|Big Pine Towers
One of Mt. Lemmonís best and has some of the most solid rock you will find on the mountain. Look for the route with the huge looped stainless bolts. The first ascent party skipped the boulder start by climbing the tree. Now days most people just stick clip the first bolt and yard up or do the hard start and add a letter grade to the difficulty. A few crack climbing skills can help early on (but not required) then the technical crux sequence comes. Get through that and hope your endurance is up to par because you have a long way to go on gently overhanging rock. Find the rests (one devious and one not hard to find) and it wonít be so bad.
Bolts, Chain Anchors
|By 1Eric Rhicard|
Mar 12, 2006
A Tucson classic that is great to run laps on as it will make you strong but not skinny like Hidetaka. If you do this route keep in mind that there will be places to move left to the crack to shake out. Many people have done it this way including me the first time I ticked it. This may be the one chink in this cool routes armor. I don't usually like climbs that make you ask yourself or friends "is this hold/rest on route?" I have done it with and without moving left and moving left makes it easier. It is still a lot of fun and a fine accomplishment whichever way you do it. If numbers are a big deal take a letter off if you go left and rest.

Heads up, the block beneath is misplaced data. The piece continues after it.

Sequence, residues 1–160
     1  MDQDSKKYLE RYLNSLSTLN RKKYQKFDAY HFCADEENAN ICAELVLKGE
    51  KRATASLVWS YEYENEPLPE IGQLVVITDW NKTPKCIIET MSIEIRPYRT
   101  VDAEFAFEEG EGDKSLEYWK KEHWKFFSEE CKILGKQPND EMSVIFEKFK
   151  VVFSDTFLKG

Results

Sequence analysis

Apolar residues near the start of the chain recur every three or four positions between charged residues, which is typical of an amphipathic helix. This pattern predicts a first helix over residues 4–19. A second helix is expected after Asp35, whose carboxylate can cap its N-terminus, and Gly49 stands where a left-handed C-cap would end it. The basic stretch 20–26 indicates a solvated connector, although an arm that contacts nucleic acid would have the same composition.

|By "Canada" Eric Ruljancich|
From: Tucson, AZ / Vancouver, BC
Dec 9, 2012
rating: 5.12c 7b+ 27 IX- E6 6b
This climb is fantastic. Varied movement, nice holds, with a pump that builds until the finish. The start is unfortunately marred by having to yard through, or doing a very painful and hard boulder problem, and then a few feet of funky rock. Beginning after the 2nd bolt it's all money. My quality grade reflects the climbing above this point. It's well worth slogging through things to get to the good stuff.
I found the grade a reasonable 12c if you don't go into the crack to rest - which you can do, but certainly wrecks the flow and the pump!
From: Tucson, AZ
Nov 17, 2013
The name Honker comes from the huge bolts on this route. Established in 1989 it was one of the first local routes put up by rap bolting and thus was initially chopped. The first ascentionists returned and placed the current, difficult to remove, bolts.